When I was twelve, I wanted to be a lawyer. I think I just liked arguing a little more than was healthy, and it seemed lawyers got paid well.
When I was fourteen, I thought many foods were disgusting. Those included broccoli, onions, bananas, tomatoes, olives, and spinach. I also thought I knew everything I really needed to know in life.
When I was sixteen, I thought I had a pretty good handle on life. Work your ass off, stay out of trouble, get a decent job, and find someone to marry and make kids with – that’s the way to live the good life. Oh, and at that point, I wanted to be an accountant, because that was the only business class I had in high school.
When I was twenty, after having anthropology, astronomy, philosophy, and literary analysis classes, I really wanted to change my major to something more interesting than marketing (which it was by that point). But I also wanted to do something practical that would almost guarantee my marketability after college. The goal is to get a job, after all. Also, I thought about my fourteen-year-old self and thought, “I can’t believe I thought I knew it all. I clearly didn’t know it all then, but I’m pretty sure I know everything I need to know now.”
When I was twenty-two, I opened my own business in sales and marketing, and it was successful. I made a profit, had good people on staff, and got to be my own boss. I had seriously dated four different guys by that point, any of which would have been good men to marry, but my career came first. There always came a point in our relationships in which they could see my choices were my choices – not our choices – and they’d get sick of being the second priority. After opening my business, I relocated it three times in pursuit of bigger territories, and each time, I left a man behind. I’d date a wonderful guy, pick out a new territory, and let him know he could come with me, if he wanted to. Is it surprising they didn’t follow?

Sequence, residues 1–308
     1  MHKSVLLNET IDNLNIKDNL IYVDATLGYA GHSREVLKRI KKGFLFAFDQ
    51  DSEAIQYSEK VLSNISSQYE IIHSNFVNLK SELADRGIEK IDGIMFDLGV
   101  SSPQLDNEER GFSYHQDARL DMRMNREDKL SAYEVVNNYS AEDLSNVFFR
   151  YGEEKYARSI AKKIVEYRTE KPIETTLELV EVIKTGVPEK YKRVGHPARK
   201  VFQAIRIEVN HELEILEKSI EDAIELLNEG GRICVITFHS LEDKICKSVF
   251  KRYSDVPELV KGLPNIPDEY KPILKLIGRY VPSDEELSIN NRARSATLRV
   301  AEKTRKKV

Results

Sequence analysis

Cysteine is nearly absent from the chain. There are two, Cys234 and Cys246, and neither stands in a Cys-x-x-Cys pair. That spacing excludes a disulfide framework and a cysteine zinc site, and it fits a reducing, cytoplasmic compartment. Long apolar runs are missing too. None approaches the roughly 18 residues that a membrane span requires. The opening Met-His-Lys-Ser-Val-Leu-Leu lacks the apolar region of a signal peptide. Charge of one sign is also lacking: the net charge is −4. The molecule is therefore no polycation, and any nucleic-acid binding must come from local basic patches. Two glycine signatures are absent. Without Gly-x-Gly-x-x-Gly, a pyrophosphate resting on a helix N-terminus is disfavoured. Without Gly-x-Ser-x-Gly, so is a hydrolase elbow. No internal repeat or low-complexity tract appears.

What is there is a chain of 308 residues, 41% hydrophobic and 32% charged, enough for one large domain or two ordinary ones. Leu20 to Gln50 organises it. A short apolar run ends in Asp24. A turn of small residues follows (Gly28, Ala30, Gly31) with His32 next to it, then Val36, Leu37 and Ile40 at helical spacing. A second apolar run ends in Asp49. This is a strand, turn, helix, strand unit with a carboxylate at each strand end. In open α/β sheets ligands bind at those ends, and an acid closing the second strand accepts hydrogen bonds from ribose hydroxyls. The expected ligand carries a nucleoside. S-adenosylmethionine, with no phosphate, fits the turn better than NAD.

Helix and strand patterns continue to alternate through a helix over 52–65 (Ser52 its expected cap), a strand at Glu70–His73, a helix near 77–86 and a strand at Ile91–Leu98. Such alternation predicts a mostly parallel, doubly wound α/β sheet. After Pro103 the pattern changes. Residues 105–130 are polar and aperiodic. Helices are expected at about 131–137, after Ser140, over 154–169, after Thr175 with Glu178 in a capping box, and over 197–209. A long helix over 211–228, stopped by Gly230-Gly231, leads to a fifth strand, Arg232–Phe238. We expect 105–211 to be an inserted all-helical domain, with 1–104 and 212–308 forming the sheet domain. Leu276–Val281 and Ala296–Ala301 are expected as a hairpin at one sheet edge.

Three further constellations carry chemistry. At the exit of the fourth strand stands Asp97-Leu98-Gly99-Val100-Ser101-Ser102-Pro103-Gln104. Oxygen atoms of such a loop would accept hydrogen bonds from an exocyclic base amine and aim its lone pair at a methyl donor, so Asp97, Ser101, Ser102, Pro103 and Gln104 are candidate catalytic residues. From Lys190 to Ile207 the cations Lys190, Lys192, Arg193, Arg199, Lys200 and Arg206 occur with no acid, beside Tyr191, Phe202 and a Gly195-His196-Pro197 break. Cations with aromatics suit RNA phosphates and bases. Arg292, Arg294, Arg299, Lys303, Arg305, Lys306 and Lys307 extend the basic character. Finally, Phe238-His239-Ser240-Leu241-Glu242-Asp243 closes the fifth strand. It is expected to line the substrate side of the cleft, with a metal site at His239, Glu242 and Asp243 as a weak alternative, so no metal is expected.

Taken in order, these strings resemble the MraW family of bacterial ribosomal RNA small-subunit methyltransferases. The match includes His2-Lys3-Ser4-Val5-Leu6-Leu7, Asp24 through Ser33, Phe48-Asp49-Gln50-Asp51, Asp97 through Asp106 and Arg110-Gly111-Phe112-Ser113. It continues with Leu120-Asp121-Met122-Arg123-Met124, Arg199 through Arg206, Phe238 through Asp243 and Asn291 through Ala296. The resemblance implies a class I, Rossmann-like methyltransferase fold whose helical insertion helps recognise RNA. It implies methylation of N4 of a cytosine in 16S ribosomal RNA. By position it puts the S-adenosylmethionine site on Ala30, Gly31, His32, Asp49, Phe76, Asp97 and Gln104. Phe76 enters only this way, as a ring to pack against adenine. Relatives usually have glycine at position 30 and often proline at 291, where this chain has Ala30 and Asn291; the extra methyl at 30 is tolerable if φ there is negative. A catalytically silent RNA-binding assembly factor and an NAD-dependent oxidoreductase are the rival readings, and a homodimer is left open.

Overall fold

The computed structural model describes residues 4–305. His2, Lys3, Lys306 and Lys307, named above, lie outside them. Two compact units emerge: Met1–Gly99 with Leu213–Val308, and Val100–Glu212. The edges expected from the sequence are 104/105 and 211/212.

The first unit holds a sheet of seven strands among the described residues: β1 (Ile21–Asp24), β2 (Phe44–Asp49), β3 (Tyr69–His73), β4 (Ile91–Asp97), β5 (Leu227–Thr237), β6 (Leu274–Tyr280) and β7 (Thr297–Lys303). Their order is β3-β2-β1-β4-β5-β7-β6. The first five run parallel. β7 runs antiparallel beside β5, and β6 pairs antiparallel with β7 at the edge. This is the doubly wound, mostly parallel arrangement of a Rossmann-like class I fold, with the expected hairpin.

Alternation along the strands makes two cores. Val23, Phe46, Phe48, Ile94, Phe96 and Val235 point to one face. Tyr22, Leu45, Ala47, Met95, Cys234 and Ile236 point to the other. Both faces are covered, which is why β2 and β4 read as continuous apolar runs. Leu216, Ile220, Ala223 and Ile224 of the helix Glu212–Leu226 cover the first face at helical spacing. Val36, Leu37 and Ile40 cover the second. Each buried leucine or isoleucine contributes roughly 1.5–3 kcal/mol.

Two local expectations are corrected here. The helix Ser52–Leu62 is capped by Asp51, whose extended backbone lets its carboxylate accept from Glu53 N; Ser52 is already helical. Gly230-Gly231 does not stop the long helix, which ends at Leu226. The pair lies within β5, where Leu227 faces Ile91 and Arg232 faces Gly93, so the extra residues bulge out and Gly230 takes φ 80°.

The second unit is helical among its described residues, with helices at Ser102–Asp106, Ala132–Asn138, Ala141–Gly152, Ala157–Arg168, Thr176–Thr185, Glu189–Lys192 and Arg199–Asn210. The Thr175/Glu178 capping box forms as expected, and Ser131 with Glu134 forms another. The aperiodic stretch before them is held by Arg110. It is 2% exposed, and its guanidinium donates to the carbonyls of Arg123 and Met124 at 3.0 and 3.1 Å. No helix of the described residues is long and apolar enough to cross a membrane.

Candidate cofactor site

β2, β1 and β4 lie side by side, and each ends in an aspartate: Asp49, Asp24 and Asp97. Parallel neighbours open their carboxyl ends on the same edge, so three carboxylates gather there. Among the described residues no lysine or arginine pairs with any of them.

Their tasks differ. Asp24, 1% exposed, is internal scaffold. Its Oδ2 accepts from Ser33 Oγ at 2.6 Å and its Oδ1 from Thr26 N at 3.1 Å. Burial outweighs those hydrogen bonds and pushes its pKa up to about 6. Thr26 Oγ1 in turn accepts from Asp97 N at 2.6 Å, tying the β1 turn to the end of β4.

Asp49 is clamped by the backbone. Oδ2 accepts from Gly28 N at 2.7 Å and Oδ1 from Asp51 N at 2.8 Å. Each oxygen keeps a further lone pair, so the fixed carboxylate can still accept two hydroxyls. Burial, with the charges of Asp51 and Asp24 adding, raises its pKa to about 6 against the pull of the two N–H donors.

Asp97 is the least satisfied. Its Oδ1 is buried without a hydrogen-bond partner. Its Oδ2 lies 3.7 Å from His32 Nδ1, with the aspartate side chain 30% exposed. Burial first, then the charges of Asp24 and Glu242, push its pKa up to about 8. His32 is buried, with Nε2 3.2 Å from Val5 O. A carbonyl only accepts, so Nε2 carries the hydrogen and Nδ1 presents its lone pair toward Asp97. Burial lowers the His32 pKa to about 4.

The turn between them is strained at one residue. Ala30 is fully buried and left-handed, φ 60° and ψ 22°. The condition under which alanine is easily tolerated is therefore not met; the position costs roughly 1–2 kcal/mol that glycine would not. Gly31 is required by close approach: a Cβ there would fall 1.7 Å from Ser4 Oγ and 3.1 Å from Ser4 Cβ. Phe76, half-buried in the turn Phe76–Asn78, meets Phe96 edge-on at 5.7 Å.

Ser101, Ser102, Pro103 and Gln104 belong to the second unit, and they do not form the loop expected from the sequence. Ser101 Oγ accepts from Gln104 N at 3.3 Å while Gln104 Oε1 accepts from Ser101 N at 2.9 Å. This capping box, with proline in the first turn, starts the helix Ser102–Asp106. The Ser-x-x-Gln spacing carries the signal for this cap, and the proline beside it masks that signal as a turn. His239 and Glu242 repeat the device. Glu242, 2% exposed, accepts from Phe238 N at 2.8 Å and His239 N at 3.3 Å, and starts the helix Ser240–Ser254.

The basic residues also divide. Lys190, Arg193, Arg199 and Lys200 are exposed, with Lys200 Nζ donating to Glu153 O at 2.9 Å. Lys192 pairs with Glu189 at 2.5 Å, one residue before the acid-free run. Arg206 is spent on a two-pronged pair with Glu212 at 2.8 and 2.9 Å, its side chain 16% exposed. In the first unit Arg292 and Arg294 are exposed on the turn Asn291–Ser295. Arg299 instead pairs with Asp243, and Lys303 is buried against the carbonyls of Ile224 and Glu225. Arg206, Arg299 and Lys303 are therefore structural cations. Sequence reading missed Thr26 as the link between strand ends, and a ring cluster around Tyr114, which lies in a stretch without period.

I was twenty-six when I realized that most of what I always thought I wanted turned out to be what I didn’t want.
My Initial Blueprint
I previously thought money and status were the main priorities. My new perspective was that helping people – as many people as I could have a positive impact on – was the way to live my best life.
I previously thought I didn’t need a man (or anyone else) in my life to be happy. My new perspective was that connecting with others is the largest provider of fulfillment in life.
I previously thought working hard, even if you don’t like your work, was just part of life, if you wanted to be successful. My new perspective was that working a job you hate is just throwing your life away, and doing something you love is within your grasp, no matter who you are or what you are passionate about.
My Current Blueprint
Today, I am in a career I love that gives me fulfillment. I am married to a wonderful man who stuck around while I was still figuring out that relationship / connection priority stuff. I love broccoli, tomatoes, bananas, and spinach – they are all staples of my diet. I still don’t like olives, but no one’s saying you’ll change your mind about everything.
I don’t feel bad about having a different mindset when I was younger. Though I don’t share the same values with my twenty-year-old self, that person led me to where I am today. I’m not saying what I used to believe was wrong – I’m saying it was different.
I don’t have a tattoo, and mostly, it is because when I think of how drastically my life has changed since I was a young adult, how my tastes in nearly everything has transformed, how what is important to me has shifted over the years, I think it is unlikely I could pick something that I’d still be glad I had a decade from now.
Is Change Good or Bad?
It is a natural process for people to grow and change their minds. With each new experience comes new data for your mind to process, evaluate, and foster opinions about. Whether it is good or bad is a perspective choice.
Sometimes, I see people being given a hard time for changing their minds. Maybe they are deemed uncaring if they decide they want something different in a romantic partner than the traits of the one they currently date. Maybe they are called flakey when they can’t choose a major or have switched it a few times. Maybe they are called fakes or frauds when they decide to transform themselves, especially when those changes conflict with previously stated values.
The point is… people change. The world changes. Technology changes. Markets change. The economy changes. Everything changes!
So if you’ve come to realize you want to make some changes in your life – changes that could improve your level of happiness, fulfillment, success or self-worth – then go for it. Don’t feel bad that you are leaving the old you behind. Don’t feel bad if your family or friends don’t understand or if they think you are crazy. Change is necessary for progress. Forge ahead.
written by Amiee Mueller.